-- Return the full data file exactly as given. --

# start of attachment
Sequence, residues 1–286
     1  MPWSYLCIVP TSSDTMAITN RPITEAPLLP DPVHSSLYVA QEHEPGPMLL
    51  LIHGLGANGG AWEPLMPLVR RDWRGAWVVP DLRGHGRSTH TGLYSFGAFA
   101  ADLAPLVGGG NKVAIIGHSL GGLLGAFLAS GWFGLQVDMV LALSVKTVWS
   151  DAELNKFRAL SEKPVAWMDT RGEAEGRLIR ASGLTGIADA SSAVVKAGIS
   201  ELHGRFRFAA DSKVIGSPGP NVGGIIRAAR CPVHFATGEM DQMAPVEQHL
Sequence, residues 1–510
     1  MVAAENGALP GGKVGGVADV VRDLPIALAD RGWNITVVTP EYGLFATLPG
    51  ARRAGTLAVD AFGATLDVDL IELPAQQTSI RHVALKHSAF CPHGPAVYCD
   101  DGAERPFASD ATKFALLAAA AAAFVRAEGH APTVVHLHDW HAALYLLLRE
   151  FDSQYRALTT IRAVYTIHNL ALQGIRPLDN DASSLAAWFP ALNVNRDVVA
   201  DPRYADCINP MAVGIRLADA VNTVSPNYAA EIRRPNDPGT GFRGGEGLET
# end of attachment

Sequence, residues 1–286
     1  MPWSYLCIVP TSSDTMAITN RPITEAPLLP DPVHSSLYVA QEHEPGPMLL
    51  LIHGLGANGG AWEPLMPLVR RDWRGAWVVP DLRGHGRSTH TGLYSFGAFA
   101  ADLAPLVGGG NKVAIIGHSL GGLLGAFLAS GWFGLQVDMV LALSVKTVWS
   151  DAELNKFRAL SEKPVAWMDT RGEAEGRLIR ASGLTGIADA SSAVVKAGIS
   201  ELHGRFRFAA DSKVIGSPGP NVGGIIRAAR CPVHFATGEM DQMAPVEQHL
Sequence, residues 1–510
     1  MVAAENGALP GGKVGGVADV VRDLPIALAD RGWNITVVTP EYGLFATLPG
    51  ARRAGTLAVD AFGATLDVDL IELPAQQTSI RHVALKHSAF CPHGPAVYCD
   101  DGAERPFASD ATKFALLAAA AAAFVRAEGH APTVVHLHDW HAALYLLLRE
   151  FDSQYRALTT IRAVYTIHNL ALQGIRPLDN DASSLAAWFP ALNVNRDVVA
   201  DPRYADCINP MAVGIRLADA VNTVSPNYAA EIRRPNDPGT GFRGGEGLET